Used EVs for the Masses
This is the second in a series of posts analysing the impact of the Inflation Reduction Act of 2022 on the US electric vehicle market. The first post covered the Clean Vehicle Credit, which is a tax credit intended to benefit new clean vehicle buyers, this post focuses on how used EVs will be affected.
The Inflation Reduction Act of 2022 releases an estimated $370 billion into climate-related initiatives with a relevant portion of this funding going towards the sustainable mobility space. While the $7,500 Clean Vehicle Credit is arguably the most visible mobility related initiative, the legislation introduces other measures that will impact the electric vehicle market include a credit of up to $4,000 for previously-owned clean vehicles.
Notes and insights: While the Inflation Reduction Act revised the credit requirements for new, non-commercial vehicles, it also extended these credits to previously-owned vehicles. Under IRC 30D, previously-owned vehicles were not eligible for the credit.
Not accounting for the buyer (taxpayer) or vehicle eligibility restrictions, the new legislation greatly expands the total available market of the credit. In a typical year, used vehicles account for more than 75% of total light vehicle sales.
Searching for Used EVs? If you can find one, it is probably too expensive
The Previously-Owned Clean Vehicles Credit establishes a credit for buyers that purchase eligible previously-owned (used) clean vehicles. The credit amount is the lesser of (i) $4,000 or (ii) 30% of the sale price of the vehicle (e.g., the buyer of a qualifying vehicle costing $10,000 would receive a credit of $3,000).
Like the Clean Vehicle Credit, there are buyer gross income and vehicle sale price requirements that must be met to qualify for this credit. The gross income eligibility thresholds for the credit are set at $75,000 for cases of joint returns, $112,500 for head of household returns, and $75,000 for all others, which are 50% of the Clean Vehicle Credit thresholds. The maximum sale price of an eligible vehicle is $25,000, meaning that a vehicle sold above this price would not be eligible for the credit.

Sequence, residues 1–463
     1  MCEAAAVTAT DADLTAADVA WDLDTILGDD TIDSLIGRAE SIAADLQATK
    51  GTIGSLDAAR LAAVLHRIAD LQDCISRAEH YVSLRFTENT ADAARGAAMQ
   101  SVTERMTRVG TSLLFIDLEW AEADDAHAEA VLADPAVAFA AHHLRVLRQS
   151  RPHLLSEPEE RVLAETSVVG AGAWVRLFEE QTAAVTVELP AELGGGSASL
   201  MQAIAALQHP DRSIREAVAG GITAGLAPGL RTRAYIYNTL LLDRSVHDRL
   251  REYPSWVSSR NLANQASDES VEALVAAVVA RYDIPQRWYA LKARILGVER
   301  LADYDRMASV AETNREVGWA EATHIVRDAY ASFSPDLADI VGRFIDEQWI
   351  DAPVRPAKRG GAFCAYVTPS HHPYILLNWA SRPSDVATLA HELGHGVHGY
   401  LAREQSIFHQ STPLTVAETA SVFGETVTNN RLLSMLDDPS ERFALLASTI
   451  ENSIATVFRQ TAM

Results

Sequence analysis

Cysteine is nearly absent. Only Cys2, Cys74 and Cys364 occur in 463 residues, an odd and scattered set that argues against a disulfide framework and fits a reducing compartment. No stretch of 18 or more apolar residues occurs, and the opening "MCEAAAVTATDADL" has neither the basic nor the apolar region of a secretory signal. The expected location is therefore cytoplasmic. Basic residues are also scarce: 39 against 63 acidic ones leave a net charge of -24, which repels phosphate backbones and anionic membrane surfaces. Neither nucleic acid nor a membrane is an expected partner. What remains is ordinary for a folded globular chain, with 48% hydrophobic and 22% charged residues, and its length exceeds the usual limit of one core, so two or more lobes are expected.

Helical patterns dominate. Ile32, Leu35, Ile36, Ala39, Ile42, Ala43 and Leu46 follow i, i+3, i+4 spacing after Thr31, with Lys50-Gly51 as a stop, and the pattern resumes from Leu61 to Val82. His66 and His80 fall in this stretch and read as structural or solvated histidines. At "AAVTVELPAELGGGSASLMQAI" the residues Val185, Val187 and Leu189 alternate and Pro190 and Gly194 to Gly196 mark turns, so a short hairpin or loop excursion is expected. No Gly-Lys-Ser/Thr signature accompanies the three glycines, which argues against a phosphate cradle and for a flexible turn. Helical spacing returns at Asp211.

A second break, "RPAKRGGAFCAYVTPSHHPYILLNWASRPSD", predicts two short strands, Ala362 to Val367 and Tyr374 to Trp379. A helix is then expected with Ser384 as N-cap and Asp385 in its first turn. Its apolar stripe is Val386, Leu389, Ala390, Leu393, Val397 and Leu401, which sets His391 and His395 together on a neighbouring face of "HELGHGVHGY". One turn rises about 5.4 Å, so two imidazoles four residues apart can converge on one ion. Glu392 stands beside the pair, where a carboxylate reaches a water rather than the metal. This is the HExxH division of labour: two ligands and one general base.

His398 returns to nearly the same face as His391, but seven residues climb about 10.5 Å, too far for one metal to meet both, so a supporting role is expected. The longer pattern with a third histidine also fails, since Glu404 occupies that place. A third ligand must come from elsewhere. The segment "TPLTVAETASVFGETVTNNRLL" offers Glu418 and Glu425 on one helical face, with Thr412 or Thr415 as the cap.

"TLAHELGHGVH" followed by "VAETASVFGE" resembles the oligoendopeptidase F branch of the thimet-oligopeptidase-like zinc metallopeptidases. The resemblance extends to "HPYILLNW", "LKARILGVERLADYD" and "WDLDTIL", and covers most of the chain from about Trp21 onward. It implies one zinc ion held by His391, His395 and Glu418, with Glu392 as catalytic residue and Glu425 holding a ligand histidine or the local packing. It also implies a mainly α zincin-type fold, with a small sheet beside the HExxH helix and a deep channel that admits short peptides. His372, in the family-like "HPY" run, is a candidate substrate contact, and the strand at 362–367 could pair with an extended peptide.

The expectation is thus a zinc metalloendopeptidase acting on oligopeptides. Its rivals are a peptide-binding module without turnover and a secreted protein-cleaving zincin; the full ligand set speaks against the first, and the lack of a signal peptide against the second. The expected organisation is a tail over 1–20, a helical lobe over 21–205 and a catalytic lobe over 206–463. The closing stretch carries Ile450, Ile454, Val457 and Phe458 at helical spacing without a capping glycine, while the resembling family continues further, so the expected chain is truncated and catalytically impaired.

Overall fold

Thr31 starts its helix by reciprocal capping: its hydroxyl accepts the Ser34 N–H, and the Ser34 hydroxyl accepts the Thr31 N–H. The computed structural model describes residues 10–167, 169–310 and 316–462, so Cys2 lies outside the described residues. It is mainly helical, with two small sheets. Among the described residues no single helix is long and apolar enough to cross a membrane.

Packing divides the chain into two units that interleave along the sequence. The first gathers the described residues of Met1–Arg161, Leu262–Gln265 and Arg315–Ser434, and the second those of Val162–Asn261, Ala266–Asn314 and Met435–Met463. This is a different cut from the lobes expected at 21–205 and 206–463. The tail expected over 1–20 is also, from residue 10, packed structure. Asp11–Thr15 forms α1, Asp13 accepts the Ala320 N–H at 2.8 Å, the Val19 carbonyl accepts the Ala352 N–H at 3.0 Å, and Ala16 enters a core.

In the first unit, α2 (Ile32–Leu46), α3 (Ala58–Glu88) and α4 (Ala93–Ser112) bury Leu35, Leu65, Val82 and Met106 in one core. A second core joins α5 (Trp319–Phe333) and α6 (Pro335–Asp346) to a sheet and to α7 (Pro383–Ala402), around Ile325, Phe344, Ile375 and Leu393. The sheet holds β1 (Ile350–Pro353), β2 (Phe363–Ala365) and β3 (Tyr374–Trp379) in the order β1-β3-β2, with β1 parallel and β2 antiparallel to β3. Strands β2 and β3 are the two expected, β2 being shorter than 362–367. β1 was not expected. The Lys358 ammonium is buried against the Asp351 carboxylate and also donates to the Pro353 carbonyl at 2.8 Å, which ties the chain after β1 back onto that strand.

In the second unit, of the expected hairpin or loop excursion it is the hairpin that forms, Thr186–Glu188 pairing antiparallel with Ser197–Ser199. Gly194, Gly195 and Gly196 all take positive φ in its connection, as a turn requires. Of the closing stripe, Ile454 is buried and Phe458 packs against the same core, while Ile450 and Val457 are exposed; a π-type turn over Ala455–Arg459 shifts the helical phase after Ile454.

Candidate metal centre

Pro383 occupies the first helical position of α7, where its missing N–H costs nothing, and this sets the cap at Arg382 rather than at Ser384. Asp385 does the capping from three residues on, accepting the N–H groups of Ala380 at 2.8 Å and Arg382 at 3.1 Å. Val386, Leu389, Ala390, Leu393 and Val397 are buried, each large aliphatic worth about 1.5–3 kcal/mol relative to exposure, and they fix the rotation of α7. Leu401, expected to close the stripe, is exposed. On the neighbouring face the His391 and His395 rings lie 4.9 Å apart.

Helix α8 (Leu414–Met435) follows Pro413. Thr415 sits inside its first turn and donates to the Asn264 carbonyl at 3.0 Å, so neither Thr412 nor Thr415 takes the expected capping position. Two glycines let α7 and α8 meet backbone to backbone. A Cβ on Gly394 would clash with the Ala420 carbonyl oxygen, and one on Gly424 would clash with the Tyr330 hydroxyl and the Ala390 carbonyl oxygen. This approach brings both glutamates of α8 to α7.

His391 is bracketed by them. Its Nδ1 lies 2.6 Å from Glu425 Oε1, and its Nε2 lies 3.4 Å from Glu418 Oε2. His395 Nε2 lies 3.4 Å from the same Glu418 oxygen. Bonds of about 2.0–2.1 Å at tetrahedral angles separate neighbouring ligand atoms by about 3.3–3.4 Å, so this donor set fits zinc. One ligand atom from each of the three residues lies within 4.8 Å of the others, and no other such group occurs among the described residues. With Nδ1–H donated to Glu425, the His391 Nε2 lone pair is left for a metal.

The legislation also limits the ability of an individual to repeatedly benefit from the credit. For buyers to qualify, they must purchase the vehicle for use (not resale), and they cannot have taken advantage of a previously-owned clean vehicle credit in the prior 3-year period. For the vehicle to qualify, it must be at least two years old, and it must be the first transfer or sale of the vehicle.
Notes and insights: The Previously-Owned Clean Vehicles Credit is intended to open the EV market to low and middle-income buyers. Considering this objective, the gross income threshold is set at an appropriate level. Between 54-81% of American households should qualify for the credit. While the buyer market is large, very few vehicles qualify for the credit.
For the legislation to have its intended impact, structural changes are needed in the EV industry that directly address the supply side challenges. These are twofold:
Accelerating the EV transition to get more EVs on the road. At present, only 1% of registered vehicles are plug-in or battery electric – an estimated 2.4 million out of more than 250 million. , This indicates that the electric vehicle stock, and thus new electric vehicle sales, must significantly increase for the credit to be made widely available.
Currently new EV sales account for around 5% of total vehicle sales. This is up from 2% in 2018. To achieve a market share of 20% (of all registered vehicles) by 2032, electric vehicle sales would likely need to represent over 70% of all new vehicle sales by that date. For this to be possible vehicle manufactures must invest billions (if not trillions) to greatly increase electric vehicle production capacity.
- Lowering EV production costs to get more affordable EVs on the road. The average resale price of an electric vehicle sits above $40,000 with only 18% of electric vehicle sales (in Q2 2022) priced below the $25,000 limitation. To decrease the sale price of previously-owned vehicles, more affordable new models must be brought to market. The average price of a new electric vehicle is currently around $66,000, which is more than $18,000 above the market average. While the production cost of an electric vehicle remains higher than an internal combustion engine vehicle, the focus on premium electric vehicle models is the main reason for the large price difference.
Built in the United States and the rest
For a vehicle to qualify for the Previously-Owned Clean Vehicles Credit, final assembly of the vehicle must occur in North America. This is also a requirement for the Clean Vehicle Credit. However, unlike that credit, there is no requirement for the critical minerals to be extracted or processed or the battery components manufactured or assembled in North America.
There are several other similarities with the Clean Vehicle Credit including provisions allowing transfer of the credit. This provision permits the dealer (vehicle seller) to obtain the credit and pass on the benefit through a lower price to the buyer. This election, if offered by the dealer, can be made by the buyer at the time of vehicle purchase.
The effective date for this section is December 31, 2022, with it terminating on December 31, 2032.